The first day of the shutdown, though, the National Parks Service tried closing the memorial down to a group of World War II veterans who had traveled to Washington to see it, claiming that the shutdown cut off access to it. Rep. Steven Palazzo (R-MS), who accompanied the veterans, asked the White House to back off, only to get the brush-off himself. Instead, Palazzo took down the barricade himself to give the veterans access to the memorial honoring their own service in a park that is open to everyone anyway.
Did the White House learn a lesson from this PR debacle? Apparently not. As Elizabeth Scalia points out, the President could have met veterans at the memorial the next day to express his appreciation for their service and toured the memorial with them. That would have given Obama some much-needed positive coverage and an opportunity to pressure Republicans into retreat without having to enter negotiations himself.
Instead, the National Parks Service spent Day 2 of its supposed shutdown by hoisting more barricades with forklifts to surround the memorial before more octogenarian and nonagenarian veterans could arrive. That took seven NPS security personnel, which Washington Examiner reporter Charlie Spiering noted was two more people than the Obama administration committed to security for the consulate in Benghazi a year ago.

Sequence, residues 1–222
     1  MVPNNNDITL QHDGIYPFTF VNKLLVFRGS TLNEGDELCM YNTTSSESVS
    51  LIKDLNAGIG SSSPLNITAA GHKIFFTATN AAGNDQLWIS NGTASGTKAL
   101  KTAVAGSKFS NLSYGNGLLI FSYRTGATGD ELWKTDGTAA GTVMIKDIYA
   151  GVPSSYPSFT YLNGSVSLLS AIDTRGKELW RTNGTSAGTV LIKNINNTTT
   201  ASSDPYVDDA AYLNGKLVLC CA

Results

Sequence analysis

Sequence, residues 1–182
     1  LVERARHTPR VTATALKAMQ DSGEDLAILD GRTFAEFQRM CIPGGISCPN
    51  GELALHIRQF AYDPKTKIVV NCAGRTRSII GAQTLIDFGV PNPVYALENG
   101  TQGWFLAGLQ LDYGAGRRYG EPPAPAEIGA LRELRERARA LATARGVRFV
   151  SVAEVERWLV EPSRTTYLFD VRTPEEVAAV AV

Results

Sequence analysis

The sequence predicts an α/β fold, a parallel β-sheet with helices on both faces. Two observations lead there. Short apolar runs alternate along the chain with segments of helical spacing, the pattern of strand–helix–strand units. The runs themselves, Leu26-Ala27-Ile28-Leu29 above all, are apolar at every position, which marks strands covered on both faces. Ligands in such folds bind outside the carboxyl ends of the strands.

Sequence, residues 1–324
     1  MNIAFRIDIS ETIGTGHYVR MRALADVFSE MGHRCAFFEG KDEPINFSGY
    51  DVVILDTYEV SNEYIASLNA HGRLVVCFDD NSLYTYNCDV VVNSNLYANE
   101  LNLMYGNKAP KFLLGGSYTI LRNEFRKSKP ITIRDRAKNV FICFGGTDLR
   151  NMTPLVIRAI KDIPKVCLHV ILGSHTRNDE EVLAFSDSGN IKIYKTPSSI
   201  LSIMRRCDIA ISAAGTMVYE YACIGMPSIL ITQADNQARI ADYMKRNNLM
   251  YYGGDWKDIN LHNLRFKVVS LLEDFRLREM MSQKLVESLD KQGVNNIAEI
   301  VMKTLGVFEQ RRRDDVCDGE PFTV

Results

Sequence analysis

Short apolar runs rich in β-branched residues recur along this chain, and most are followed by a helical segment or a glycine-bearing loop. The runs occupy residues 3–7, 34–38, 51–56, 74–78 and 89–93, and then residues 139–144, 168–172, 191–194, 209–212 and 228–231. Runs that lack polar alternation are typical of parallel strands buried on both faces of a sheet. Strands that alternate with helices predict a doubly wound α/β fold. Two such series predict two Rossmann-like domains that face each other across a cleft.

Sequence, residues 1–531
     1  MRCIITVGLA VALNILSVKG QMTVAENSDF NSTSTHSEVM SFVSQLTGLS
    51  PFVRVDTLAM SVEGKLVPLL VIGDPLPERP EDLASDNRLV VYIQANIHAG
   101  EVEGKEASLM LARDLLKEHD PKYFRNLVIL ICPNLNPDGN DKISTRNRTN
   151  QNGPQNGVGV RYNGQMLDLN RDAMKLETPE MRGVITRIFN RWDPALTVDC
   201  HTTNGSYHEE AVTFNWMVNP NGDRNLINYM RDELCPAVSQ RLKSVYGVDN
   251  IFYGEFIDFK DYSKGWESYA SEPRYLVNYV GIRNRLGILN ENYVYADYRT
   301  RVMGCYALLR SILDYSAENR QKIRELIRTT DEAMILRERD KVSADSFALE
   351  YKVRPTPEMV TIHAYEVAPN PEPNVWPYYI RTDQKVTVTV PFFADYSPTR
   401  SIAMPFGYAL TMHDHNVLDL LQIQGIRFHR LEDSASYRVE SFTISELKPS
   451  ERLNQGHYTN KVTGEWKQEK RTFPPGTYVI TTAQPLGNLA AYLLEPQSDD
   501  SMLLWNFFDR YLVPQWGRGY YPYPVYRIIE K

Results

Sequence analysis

Some Republican critics of the shutdown strategy based their opposition on an assumption that Obama would be at least politically competent, and would know enough to follow Bill Clinton’s playbook. Clinton would never have allowed the opportunity to assist the World War II veterans slip through his fingers, and he would have made sure that White House press corps personnel followed him every step of the way through the memorial — and probably back to the White House to give the Greatest Generation a personal tour there, too, just to remind the media that tours have otherwise been shut down by the sequester. Could anyone have predicted just how much Obama and the Democrats would have helped the GOP in the first few days of the shutdown?
Unfortunately for those furloughed, that gives Republicans less incentive to give up and vote on a clean CR, at least before the debt-ceiling expiration looms. Byron York reports that House Republican leadership has run out of plays, but that may not concern them as much as it did a couple of days ago: